“That’s why, based on the evidence, we keep pointing out that a Christian education is a ‘public’ education and serves the common good—more, in fact, than so-called ‘public’ (i.e., state-run) schools do. If we want to change the social architecture for future generations, we need to seriously consider educating them in Christian schools… The vision of Christian education is rooted in a conviction that learning is always informed by some worldview or faith commitments, which is why we should be intentional about teaching and learning from an explicitly Christian starting point.”

The idea flows naturally out of Smith’s linear, accretive view of desire-shaping. Master Koolhaas’s Academy for Kuyperian Youth can feed children the ‘right’ images, appealing to right desires, and shaping their imaginations accordingly. The public-school child’s Christian imaginary lags just a bit behind; on average, he is less interested in the common good.

Obviously, if it were true, this linearity would be problematic. But we needn’t worry (certainly not about the “evidence”, ceteris paribus being impossible there), because the Spirit works often through counter-formation. That is, our imaginations are sometimes repulsed by what they consume or envision, and this movement – the biblical shorthand would be ‘repentance’ – is perhaps even stronger than Smith’s accretive mechanism. Sometimes we rebel against the good: Thomas Mann, a Nobel Laureate, wrote a famous story, Death in Venice, about an acclaimed author enamored of the true, good, and beautiful, who, after a long life of austere disciple, becomes equally enamored with a ten-year-old Polish boy on the beach, and dies as a result. William Inge writes a play, with echoes of the Prodigal Son, in which a man tells his wife, truly, that her vision of domestic order makes him want to go out and raise hell all over again, just to prove to himself that he’s free. And in personal experience, we all know of people who went to Christian schools and are now in the most fervent rebellion.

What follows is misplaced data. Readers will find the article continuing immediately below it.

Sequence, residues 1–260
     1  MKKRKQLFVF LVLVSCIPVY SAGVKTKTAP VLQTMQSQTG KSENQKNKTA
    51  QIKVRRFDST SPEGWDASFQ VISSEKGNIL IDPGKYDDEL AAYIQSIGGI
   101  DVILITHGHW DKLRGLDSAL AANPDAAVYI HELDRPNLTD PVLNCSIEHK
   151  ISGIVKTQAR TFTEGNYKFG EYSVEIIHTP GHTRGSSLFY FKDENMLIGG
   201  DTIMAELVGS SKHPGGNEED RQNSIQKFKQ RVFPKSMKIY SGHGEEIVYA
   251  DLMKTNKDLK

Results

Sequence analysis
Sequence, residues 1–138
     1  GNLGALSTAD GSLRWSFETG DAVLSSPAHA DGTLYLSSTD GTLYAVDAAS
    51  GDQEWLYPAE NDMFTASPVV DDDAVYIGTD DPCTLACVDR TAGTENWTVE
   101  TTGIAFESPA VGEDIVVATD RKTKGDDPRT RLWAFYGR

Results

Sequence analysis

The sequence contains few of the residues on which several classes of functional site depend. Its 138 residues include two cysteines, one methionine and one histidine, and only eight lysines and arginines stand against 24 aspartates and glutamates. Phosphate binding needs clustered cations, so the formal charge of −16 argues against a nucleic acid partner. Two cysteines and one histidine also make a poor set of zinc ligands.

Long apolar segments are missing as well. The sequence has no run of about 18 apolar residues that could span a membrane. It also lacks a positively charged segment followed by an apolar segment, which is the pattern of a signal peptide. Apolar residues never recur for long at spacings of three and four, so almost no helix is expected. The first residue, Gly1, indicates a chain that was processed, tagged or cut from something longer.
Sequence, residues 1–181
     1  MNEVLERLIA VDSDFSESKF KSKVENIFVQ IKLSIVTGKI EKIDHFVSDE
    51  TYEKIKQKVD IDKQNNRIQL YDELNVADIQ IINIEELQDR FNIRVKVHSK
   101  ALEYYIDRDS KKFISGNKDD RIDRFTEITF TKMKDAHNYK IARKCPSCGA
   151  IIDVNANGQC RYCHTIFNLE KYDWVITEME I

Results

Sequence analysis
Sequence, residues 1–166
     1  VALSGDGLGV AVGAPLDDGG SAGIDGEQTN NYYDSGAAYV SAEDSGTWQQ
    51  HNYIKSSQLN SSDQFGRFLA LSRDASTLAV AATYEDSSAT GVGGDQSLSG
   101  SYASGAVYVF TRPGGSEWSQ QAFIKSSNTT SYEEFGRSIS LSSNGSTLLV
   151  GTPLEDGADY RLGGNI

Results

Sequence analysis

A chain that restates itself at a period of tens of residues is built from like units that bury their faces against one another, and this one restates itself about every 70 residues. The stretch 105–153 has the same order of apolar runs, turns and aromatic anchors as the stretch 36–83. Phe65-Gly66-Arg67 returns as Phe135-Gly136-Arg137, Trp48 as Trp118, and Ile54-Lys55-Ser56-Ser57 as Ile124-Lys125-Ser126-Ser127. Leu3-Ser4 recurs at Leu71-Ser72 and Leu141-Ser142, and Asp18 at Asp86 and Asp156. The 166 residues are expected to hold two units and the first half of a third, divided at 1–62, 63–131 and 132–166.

But there is a redemptive element, too. For Flannery O’Connor, it happens through such strange vessels as the theft of an artificial leg and a grandmother’s murder. Gustave Flaubert’s rendition of the St. Julian story features a man becoming holy as a result of remorse from killing thousands of animals, along with his father and mother. Leo Tolstoy’s “Father Sergius”, a model of self-righteousness as he tries to become holier, finally becomes a saint through repentance after seducing a much younger, disabled girl in his cell. If the world’s greatest imaginations have anything to teach us here, it’s that formation rarely occurs in a direct or linear manner. But we twenty-first century Americans are relentlessly positive, and our Christian imaginations are by no means untouched by the American Dream. Inasmuch as our imaginations are touched by our desires, they are sinful to the same extent that we are. There is much to commend in the Christian ideal of setting our minds on what is good, but if spiritual formation becomes yet another technique, yet another results-driven process, yet another thing to be controlled and carefully manicured, we risk glossing over the recognition of our frailty which lies near the heart of the Christian message.